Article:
Lawsuit: Chicago Families Argue Extensions to Title IX 'Trample Students' Privacy'

Lawsuit: Chicago Families Argue Extensions to Title IX 'Trample Students' Privacy'

Fifty-one Chicago families are suing the U.S. Department of Education over a new policy that forces schools to allow boys and girls to choose which restroom they use based on which gender they identify with.

According to, the Alliance Defending Freedom and the Thomas More Society are representing the families. The lawsuit, filed this week, claims that the U.S. Department of Education is “continuing to trample students’ privacy and other constitutional and statutory rights” by enforcing Title IX, the law that prohibits gender discrimination in schools.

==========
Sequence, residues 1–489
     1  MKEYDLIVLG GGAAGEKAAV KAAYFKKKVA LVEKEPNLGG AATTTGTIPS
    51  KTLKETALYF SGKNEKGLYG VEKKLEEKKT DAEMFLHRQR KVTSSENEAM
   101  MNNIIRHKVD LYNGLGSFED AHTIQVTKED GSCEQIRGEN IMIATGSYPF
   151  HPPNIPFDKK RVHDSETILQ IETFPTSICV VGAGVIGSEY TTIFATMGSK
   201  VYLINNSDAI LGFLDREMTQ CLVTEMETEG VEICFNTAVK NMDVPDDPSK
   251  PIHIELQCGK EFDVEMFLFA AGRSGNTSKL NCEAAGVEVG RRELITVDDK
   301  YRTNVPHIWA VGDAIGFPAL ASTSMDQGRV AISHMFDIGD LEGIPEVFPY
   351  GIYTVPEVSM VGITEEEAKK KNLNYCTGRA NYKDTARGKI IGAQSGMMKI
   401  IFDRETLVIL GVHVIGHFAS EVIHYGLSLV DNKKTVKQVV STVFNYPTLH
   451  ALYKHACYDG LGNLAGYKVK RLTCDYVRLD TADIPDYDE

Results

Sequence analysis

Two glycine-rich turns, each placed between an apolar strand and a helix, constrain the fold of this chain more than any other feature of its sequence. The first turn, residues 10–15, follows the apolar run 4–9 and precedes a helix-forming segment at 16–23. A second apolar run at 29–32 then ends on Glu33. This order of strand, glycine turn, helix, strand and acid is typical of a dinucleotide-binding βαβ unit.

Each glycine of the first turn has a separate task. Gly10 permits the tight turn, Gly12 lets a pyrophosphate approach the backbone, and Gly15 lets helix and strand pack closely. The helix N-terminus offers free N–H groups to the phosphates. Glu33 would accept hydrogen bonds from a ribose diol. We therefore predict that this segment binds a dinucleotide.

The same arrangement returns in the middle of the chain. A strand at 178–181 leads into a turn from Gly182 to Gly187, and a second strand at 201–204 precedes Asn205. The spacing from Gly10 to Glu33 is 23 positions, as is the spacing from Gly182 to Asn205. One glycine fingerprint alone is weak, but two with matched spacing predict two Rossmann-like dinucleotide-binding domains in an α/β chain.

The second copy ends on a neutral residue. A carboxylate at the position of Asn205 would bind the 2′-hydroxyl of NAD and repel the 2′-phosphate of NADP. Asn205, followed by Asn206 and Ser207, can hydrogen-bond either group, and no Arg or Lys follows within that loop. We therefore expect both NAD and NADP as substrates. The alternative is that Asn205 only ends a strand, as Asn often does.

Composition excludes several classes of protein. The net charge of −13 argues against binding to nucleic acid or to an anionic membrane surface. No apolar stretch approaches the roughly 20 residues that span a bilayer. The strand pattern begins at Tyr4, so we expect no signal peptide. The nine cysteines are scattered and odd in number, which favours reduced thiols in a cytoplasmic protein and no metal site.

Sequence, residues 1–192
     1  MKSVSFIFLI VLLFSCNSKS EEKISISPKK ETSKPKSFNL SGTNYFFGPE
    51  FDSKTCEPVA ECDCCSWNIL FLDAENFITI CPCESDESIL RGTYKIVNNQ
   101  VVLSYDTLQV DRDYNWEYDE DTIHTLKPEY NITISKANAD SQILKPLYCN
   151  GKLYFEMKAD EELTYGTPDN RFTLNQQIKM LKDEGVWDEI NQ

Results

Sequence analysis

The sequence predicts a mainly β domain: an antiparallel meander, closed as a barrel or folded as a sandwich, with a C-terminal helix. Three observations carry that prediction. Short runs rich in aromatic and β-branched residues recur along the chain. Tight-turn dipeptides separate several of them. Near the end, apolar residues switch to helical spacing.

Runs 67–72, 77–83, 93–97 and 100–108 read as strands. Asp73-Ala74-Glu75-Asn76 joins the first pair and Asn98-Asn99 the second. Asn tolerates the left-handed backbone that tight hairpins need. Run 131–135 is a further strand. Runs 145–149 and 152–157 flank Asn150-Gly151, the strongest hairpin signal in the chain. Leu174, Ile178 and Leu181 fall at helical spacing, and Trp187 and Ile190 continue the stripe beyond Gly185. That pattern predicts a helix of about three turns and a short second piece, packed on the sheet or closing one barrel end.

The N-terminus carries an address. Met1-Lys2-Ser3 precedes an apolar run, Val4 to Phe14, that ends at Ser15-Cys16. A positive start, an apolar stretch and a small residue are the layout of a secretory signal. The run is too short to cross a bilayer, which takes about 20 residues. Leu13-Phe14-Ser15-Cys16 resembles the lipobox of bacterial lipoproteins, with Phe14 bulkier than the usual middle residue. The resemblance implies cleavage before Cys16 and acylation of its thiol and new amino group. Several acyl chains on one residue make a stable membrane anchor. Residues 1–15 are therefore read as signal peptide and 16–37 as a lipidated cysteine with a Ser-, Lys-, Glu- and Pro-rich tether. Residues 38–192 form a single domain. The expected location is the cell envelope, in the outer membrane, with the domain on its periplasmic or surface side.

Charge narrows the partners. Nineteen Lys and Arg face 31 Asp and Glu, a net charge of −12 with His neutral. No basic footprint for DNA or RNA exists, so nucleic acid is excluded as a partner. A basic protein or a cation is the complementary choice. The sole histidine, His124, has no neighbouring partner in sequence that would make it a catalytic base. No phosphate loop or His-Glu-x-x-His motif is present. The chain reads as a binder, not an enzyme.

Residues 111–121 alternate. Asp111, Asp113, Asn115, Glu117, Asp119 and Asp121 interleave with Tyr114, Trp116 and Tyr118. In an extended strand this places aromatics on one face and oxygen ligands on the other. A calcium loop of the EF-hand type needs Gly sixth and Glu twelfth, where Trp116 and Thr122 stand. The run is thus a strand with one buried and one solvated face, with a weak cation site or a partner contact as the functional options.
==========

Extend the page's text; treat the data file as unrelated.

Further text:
“The girls are afraid of having to attend to their most personal needs, especially during a time when their body is undergoing often embarrassing changes as they transition from childhood to adulthood, in a locker room or restroom with a male present,” the lawsuit says.

In 2014, the Department of Education’s Office of Civil Rights ruled that Title IX also protects discrimination claims against gender identity. Otherwise, schools could lose federal funding for not complying.

In one case in Chicago, a biologically male teen who lives as a girl was allowed by the district to use female bathrooms and play on female athletic teams. However, the student could not use the girls’ locker room and had to change in a separate bathroom. Later, the district put up privacy curtains in the locker room for the student to change.

The OCR, however, found that the curtains were discriminatory and threatened to revoke $6 million in federal funding. The district eventually allowed the student full access to the girls’ locker room.

Publication date: May 5, 2016